This is a response to an Anthrodesign posting this morning in which someone blew off my statement about ethnography and theory.
Without going into the entire history of anthropology and/or ethnography, let me state the position that the ethnographic endeavor has always been about making recommendations and initiating change. The difference has always been the positionality of the field in terms of advocating for change (on the behalf of others) or directly making the macro-decisions that cause systemic changes. During the colonial heyday, ethnography shifted from directly making macro-decisions (as colonial administrators) to advocates for others (as they disengaged from the effects of the colonial project that as expressed by Renato Rosaldo’s concept of “imperialist nostalgia” they were responsible for). The guilt over ethnography’s role in the colonial project led the field to focus on the role of advocating for others.
The applicability of ethnography to design is an extension of that project whether the “others” are workers, customers, clients, and engineers. Ethnography’s applicability to design is not the real issue. Maybe it was 10 years ago, but there are too many organizations that use ethnography to good effects. The issue is what is the “metric” by which that value is measured and what implications does it have for the practice of ethnography, and thus directly the true value that it brings to the design enterprise. In relationship to the HCI community, it is an issue of who has the legitimacy to make decisions on par with those in the community that have adopted the “business/design value” metric as the criteria for legitimacy.
There are no inherent problems with discount methods, except when they are executed (1) without knowing what kind of information and problems ethnographic approaches are good for and (2) what it means to really represent an experience from the perspective of the people studied. Whether discount methods are conducted by a Ph.D. Anthropologist or an “untrained” designer, they need to be conducted with the understanding of how they solve specific problems (T his is theory). You need to know when you need to spend one week immersed in a community versus 2-hours rummaging through someone’s refrigerator. And you need to know the trade-offs you get when you make those decisions for the formation of the problems as well as the solutions developed.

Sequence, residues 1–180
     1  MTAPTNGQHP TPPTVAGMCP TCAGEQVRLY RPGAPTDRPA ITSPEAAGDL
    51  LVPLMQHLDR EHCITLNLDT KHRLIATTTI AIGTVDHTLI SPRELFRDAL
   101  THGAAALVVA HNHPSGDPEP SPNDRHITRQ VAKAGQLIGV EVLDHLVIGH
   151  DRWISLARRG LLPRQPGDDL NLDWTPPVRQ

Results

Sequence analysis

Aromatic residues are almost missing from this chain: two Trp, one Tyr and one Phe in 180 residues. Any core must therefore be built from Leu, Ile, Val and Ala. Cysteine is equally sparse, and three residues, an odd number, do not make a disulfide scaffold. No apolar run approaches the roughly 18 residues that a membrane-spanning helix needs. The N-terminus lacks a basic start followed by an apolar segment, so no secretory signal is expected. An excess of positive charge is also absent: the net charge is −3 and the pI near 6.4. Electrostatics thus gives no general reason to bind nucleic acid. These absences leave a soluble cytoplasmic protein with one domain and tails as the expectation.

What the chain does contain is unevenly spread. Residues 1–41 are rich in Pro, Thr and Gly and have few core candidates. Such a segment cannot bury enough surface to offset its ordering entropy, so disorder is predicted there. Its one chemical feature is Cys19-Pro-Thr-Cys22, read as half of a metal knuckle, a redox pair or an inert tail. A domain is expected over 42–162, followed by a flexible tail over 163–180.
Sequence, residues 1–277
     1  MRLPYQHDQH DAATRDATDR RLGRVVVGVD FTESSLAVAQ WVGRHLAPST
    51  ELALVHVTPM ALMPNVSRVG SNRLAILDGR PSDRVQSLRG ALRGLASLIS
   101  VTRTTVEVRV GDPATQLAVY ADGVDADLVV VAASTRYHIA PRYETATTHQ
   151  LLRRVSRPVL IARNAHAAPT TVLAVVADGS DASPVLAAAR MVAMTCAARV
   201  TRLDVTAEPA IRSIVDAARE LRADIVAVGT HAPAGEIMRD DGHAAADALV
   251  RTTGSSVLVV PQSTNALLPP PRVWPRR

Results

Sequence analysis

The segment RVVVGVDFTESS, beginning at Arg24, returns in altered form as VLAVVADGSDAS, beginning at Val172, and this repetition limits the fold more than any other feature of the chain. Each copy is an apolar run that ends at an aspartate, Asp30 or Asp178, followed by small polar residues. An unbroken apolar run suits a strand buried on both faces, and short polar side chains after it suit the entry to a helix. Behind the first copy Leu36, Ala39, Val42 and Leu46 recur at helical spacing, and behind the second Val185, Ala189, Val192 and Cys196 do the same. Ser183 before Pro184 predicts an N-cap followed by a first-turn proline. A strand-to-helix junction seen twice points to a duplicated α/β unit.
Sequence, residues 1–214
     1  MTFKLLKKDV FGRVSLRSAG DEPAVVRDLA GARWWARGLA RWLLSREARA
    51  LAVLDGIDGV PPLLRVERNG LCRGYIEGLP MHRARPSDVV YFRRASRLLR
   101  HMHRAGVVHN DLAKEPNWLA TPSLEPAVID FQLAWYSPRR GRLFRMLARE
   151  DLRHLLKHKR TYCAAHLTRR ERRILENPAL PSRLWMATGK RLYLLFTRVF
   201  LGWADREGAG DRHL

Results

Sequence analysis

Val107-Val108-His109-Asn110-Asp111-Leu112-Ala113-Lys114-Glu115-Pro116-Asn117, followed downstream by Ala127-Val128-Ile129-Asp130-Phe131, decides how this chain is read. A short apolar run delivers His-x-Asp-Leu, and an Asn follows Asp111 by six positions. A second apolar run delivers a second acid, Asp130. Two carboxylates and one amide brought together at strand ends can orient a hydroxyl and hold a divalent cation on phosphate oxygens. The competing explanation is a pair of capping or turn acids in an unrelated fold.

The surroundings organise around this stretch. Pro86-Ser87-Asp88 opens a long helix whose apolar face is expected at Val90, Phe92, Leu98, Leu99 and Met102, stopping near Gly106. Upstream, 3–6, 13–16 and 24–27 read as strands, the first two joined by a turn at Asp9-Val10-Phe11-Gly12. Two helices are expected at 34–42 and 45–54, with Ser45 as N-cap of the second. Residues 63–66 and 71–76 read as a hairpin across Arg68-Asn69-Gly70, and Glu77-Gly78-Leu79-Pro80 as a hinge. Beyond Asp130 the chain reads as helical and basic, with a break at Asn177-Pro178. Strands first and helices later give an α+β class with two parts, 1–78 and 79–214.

To avoid anthro-centricity, in graphic design, you need to know which typographic font is appropriate for the information design of a government form versus a poster for the Lyric Opera. There is a theory behind those design decisions as well, which even “untrained” ethnographers should take in consideration if they are making those kinds of decisions.
And if you spend a year in someone’s home observing their daily behaviors and rituals, yet still model their behaviors based on a marketing purchase cycle (acquisition, conversion, retention); it is NOT ethnography. The CIA does excellent observation, but it is NOT ethnography.
The point is that theory is not a component of ethnography, but rather ethnography is an acting out of a philosophical orientation. A friend once called it “applied phenomenology.” See http://www.phenomenologycenter.org/phenom.htm for the seven widely accepted features of the phenomenological approach.
Theory tells you what are the boundaries by which ethnography can and cannot be effectively applied to design, engineering, education, or public policy. Theory tells you what is the inherent value system by which ethnography can most effectively be measured. Just like the “neutrality” of a font like Helvetica is the criteria which makes it most effective for information design on government forms. The understanding of these theories will lead to more thoughtful and effective research and design, regardless of the area of application. Which does not mean you need to have a PhD in Anthropology, but it means you should be in the “know” about the assumptions built into a practice so that you can effectively address them.